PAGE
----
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Netflix Review: ‘The Ascent of Woman’ — Making Women Part of the Narrative

624Biographer and historian Dr. Amanda Foreman’s four-part documentary series, The Ascent of Woman

The Ascent of Woman is organized into four thematic and chronological parts. In the first, titled “Civilization,” Foreman visits Turkey, Siberia and Greece to examine how the status of women declined as urban settlements rose. In Catalhöyük, one of the world’s earliest known societies, it’s believed that the sexes were equal. Men, women and children lived together in communal harmony and worshipped a fertile goddess, flanked by leopards. It’s a sharp contrast to Mesopotamia, where the first laws were recorded, dramatically limiting not just women’s rights but their very participation in society. A law from 2,400 BC stipulates that “If a woman speaks out of turn, then her teeth will be smashed by a brick.” Even ancient Greece, which we tend to romanticize, severely limited the role of its women unless they were slaves or prostitutes.

In the second episode, “Separation,” Foreman explains how the idea of two “separate spheres” developed through the teachings of Confucianism, Buddhism and Shintoism. Building on the concept of Yin (the female) and Yang (the male), there were strict definitions of feminine virtue. Women were segregated to the “Nei,” the domestic sphere, while only men could inhabit the “Wai,” the world of politics and business.

Power,” the third part, focuses on individual women who managed to rise to power — either directly or indirectly — from within the limits of their home, palace, convent or even harem. Foreman visits Istanbul, Germany, London, Paris and Delhi, exploring the stories of Empress Theodore of Byzantium, Nur Jahan of Mughal, Hildegard of Bingen, and others. She is joined by celebrated actress Fiona Shaw who infuses a speech by Elizabeth I with contemporary light and meaning. “I may have the body of a weak and feeble woman, but I have the heart and stomach of a king, and a king of England too!”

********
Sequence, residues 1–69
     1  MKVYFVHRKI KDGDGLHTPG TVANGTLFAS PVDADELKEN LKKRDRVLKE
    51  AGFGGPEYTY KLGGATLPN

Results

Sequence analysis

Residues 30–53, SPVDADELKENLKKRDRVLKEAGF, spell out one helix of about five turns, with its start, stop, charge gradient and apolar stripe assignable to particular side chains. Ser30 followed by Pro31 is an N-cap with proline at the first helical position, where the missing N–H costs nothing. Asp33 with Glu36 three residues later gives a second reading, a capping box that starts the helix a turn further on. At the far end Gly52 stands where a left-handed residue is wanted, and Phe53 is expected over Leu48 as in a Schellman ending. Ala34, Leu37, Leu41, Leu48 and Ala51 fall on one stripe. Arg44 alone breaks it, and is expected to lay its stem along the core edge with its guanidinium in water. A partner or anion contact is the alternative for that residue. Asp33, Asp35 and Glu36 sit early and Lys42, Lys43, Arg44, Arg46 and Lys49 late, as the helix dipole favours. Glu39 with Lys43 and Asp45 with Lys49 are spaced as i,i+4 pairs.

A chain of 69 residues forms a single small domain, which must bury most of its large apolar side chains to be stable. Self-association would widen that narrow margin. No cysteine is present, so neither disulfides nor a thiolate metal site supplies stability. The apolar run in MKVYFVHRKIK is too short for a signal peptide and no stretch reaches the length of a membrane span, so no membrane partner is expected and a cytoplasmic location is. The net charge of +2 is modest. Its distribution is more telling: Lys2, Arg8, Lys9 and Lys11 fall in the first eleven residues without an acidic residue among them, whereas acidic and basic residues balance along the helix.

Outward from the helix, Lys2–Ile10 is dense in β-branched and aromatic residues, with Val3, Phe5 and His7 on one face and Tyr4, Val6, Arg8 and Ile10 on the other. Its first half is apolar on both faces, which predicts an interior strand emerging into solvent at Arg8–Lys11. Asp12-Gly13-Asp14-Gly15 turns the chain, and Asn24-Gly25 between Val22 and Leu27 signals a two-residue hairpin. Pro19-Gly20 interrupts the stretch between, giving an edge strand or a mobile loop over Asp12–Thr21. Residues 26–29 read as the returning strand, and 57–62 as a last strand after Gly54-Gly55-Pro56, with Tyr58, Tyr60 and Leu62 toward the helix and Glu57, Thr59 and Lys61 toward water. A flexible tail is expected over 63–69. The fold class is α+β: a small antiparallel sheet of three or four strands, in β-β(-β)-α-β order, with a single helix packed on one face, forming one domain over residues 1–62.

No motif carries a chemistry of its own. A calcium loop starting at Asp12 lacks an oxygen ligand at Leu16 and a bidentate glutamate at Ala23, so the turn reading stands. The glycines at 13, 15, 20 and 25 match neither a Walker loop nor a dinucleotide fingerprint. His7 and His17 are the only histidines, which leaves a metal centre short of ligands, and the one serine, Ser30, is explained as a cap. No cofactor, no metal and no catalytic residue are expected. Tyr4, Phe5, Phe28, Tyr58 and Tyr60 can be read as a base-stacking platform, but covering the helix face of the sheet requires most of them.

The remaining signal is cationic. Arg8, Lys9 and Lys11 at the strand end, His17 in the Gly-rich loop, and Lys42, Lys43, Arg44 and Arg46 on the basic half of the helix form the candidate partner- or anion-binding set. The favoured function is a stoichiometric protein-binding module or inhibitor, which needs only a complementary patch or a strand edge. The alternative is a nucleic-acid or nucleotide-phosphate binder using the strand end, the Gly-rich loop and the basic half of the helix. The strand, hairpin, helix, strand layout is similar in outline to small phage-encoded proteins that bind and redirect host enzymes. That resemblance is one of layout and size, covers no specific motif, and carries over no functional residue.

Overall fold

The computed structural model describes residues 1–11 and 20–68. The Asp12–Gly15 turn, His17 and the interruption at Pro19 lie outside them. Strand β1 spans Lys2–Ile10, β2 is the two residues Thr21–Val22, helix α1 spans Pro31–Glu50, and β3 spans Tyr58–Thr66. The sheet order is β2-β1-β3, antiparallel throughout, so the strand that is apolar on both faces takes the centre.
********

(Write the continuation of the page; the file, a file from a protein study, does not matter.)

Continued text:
In the final episode, “Revolution,” Foreman takes us to Europe and the United States, to see how women have participated in — and fared after —some of modern history’s most important and globally game-changing uprisings. Examples range from French Revolution martyr Olympe De Gouge and Bolshevik radical Alexandra Kollonti, to women’s rights activists Millicent Fawcett and Maraget Sanger, to current African leaders Lindiwe Mazibuko and Phumzile Mlambo-Ngucuka. Foreman insists, “I think radical change is happening to women right now. It is by no means universal and in some parts of the globe it’s not even going in the same direction. Nevertheless, it’s a wholly new kind of revolution: it’s an uprising without bloodshed, in which women are challenging the status quo, through awareness, through dialogue and through education.”

When The Ascent of Woman aired on BBC2, it was met with enthusiastic critical reception. The Telegraph described it as “Powerful, inspiring and important.” And, The New Statesman asserted that it was  “Wonderfully even-handed.” The work is thorough and thoughtful, and deeply moving. An idea or two (or twelve) will certainly stay with you. Perhaps more importantly, you will be encouraged and challenged to learn more.

Nevertheless, watching The Ascent of Woman, I found myself frustrated. Not by the documentary itself, which is wonderful, but by the need for it. It’s the same way I feel about the proposed (and perpetually stalled) National Women’s History Museum in Washington DC. Our history isn’t separate from men’s; it didn’t run on its own in some parallel place somehow. Women lived and died (and as Foreman reminds us, often shaped their societies) alongside men. It’s just that when the time came to write it down, women’s stories simply weren’t included.

What can we do then? If, like Foreman, you’re an author and historian, you can research and write about it. For most of us, it’s a matter of bearing witness, which we can do by supporting work like The Ascent of Woman. Through this groundbreaking series, 10,000 years of women are finally becoming part of the narrative.


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  • Millicent Accardi May 24, 2016 at 3:32 pm

    Yes, Making Women Part of the Narrative! But also, making women part of the story beyond victims or wives or partners. Any hour on any channel features women in movies who are victims, in fact MOST crime shows feature women as victims. Imagine what Netflix and cable would be like if nude men’s bodies were littering the hillside or street in every serial killer episode?